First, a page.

Andrew Carter

Andrew Carter

The structure and mechanism of the dynein/dynactin transport machine.
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Movement is one of the defining characteristics of life and at the sub-cellular level many motions are driven by motor proteins walking along the actin and microtubule tracks that extend throughout the cytoplasm. My group is specifically interested in cytoplasmic dynein: a multi-protein complex that is arguably one of the most interesting and least studied of all these motors.

Work on dynein has until recently been hindered by its large size and complexity. Now, however, the tools are becoming available that are allowing us to tackle its structure and address questions such as how it generates movement and how it interacts specifically with the many different cargos in carries. Dynein works together with a >23 subunit cofactor called dynactin that is built around a filament of an actin-like protein called Arp1. How dynactin is assembled and how all its components contribute to dynein function is not yet known.

This PhD project will use structural approaches (cryo-electron microscopy and cryo-electron tomography), together with protein biochemistry and single molecule fluorescence microscopy to investigate the role dynactin plays in dynein transport. It will also address the question of how the dynactin complex is assembled.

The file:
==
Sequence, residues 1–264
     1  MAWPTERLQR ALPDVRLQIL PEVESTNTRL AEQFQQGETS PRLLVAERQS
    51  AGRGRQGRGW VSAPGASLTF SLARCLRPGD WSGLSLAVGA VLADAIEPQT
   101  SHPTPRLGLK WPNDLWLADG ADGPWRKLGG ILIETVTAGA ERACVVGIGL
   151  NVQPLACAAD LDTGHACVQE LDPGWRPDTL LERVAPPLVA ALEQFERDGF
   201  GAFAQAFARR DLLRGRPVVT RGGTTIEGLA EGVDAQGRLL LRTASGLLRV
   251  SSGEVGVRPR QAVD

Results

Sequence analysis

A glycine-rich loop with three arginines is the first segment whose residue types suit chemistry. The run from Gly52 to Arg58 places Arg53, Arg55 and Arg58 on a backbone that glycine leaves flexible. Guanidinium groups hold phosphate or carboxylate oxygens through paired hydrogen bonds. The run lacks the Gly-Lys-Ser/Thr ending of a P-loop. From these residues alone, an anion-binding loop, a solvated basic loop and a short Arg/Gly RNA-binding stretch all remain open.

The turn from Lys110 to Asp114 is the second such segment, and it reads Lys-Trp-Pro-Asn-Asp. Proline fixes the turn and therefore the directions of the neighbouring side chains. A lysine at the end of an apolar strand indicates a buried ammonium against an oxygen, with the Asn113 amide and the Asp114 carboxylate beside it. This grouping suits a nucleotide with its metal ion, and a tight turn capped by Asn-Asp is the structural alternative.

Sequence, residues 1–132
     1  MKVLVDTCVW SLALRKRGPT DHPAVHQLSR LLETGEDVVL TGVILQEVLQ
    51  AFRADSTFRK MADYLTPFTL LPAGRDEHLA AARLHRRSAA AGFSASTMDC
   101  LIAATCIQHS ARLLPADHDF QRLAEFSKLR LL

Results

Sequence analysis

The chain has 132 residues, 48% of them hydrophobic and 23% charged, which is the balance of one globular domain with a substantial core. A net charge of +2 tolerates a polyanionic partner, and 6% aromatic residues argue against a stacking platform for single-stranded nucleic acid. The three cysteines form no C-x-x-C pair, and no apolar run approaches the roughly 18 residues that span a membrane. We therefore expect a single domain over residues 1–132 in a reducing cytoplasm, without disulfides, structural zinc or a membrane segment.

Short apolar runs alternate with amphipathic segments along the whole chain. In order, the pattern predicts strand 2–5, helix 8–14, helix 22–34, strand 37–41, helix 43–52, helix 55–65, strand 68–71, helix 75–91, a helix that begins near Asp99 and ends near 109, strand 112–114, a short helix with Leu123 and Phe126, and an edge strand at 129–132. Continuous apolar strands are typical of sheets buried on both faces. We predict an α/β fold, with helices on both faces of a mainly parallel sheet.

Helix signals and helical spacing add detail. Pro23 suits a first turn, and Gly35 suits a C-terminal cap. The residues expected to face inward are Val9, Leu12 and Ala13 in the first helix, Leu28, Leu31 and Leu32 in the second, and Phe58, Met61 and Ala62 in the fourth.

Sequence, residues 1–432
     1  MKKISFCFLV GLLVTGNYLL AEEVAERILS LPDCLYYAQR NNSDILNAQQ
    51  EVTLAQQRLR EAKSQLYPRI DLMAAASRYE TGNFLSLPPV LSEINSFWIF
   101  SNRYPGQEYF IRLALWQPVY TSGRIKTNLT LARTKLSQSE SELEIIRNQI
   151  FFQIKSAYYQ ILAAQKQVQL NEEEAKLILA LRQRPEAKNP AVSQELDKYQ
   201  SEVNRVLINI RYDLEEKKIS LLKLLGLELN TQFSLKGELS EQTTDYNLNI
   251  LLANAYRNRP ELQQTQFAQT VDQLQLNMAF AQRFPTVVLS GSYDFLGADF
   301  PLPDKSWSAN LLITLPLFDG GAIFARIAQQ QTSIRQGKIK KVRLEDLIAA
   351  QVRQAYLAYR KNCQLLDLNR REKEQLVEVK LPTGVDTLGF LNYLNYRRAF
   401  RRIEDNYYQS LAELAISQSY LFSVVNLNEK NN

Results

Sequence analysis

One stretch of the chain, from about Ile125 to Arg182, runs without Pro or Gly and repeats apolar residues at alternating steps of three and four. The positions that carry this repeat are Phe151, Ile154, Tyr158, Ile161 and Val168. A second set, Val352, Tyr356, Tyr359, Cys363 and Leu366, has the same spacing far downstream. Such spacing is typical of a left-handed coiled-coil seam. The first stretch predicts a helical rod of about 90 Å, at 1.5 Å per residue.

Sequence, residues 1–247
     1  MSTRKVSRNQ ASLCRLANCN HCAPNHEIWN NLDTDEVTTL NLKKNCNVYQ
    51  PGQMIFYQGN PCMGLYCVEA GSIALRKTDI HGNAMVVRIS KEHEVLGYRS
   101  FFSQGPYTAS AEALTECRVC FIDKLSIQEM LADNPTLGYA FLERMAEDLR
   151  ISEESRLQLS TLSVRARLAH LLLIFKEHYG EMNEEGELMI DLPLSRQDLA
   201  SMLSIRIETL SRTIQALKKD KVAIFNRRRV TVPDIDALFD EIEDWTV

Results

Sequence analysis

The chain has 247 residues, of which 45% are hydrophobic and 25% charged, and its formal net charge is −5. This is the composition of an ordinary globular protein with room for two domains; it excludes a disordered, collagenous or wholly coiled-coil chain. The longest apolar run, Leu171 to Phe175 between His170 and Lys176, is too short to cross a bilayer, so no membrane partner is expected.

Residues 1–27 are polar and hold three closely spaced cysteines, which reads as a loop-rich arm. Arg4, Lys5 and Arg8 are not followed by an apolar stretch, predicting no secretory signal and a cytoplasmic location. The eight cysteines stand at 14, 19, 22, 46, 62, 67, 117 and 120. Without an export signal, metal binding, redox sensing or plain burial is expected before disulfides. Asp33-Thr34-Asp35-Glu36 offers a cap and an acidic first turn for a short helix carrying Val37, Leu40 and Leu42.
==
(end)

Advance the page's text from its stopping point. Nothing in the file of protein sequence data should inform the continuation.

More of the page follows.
Belyy, V., Schlager, M.A., Foster, H., Reimer, A.E., Carter, A.P. and Yildiz, A. (2016)
The mammalian dynein-dynactin complex is a strong opponent to kinesin in a tug-of-war competition.
Nat Cell Biol. doi: 10.1038/ncb3393.

Urnavicius, L., Zhang, K., Diamant, A.G., Motz, C., Schlager, M.A., Yu, M., Patel, N.A., Robinson, C.V. and Carter, A.P. (2015)
The structure of the dynactin complex and its interaction with dynein.
Science. 347:1441-6.

Schmidt, H., Zalyte, R., Urnavicius, L. and Carter, A.P. (2015)
Structure of human cytoplasmic dynein-2 primed for its power stroke.
Nature. 518:435-8.

Schlager, M.A., Hoang, H.T., Urnavicius, L., Bullock, S.L. and Carter, A.P. (2014)
In vitro reconstitution of a highly processive recombinant human dynein complex.
EMBO J. 33(17):1855-68.